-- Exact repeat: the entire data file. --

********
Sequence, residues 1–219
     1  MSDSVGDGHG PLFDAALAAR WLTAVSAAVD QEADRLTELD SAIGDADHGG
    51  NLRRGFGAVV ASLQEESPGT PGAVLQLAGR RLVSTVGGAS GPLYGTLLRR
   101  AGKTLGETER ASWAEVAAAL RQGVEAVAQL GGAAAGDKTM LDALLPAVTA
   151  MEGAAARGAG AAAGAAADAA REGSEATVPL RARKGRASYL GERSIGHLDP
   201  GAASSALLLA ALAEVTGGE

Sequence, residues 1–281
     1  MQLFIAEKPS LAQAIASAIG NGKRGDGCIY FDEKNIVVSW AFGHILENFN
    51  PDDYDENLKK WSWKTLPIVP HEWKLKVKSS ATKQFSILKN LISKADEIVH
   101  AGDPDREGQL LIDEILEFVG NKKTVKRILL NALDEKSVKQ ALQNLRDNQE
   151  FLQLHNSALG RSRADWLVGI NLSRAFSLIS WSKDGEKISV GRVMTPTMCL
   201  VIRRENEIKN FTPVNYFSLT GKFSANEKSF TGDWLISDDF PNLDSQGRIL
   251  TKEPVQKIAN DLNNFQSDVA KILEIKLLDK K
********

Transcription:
Sequence, residues 1–219
     1  MSDSVGDGHG PLFDAALAAR WLTAVSAAVD QEADRLTELD SAIGDADHGG
    51  NLRRGFGAVV ASLQEESPGT PGAVLQLAGR RLVSTVGGAS GPLYGTLLRR
   101  AGKTLGETER ASWAEVAAAL RQGVEAVAQL GGAAAGDKTM LDALLPAVTA
   151  MEGAAARGAG AAAGAAADAA REGSEATVPL RARKGRASYL GERSIGHLDP
   201  GAASSALLLA ALAEVTGGE

Sequence, residues 1–281
     1  MQLFIAEKPS LAQAIASAIG NGKRGDGCIY FDEKNIVVSW AFGHILENFN
    51  PDDYDENLKK WSWKTLPIVP HEWKLKVKSS ATKQFSILKN LISKADEIVH
   101  AGDPDREGQL LIDEILEFVG NKKTVKRILL NALDEKSVKQ ALQNLRDNQE
   151  FLQLHNSALG RSRADWLVGI NLSRAFSLIS WSKDGEKISV GRVMTPTMCL
   201  VIRRENEIKN FTPVNYFSLT GKFSANEKSF TGDWLISDDF PNLDSQGRIL
   251  TKEPVQKIAN DLNNFQSDVA KILEIKLLDK K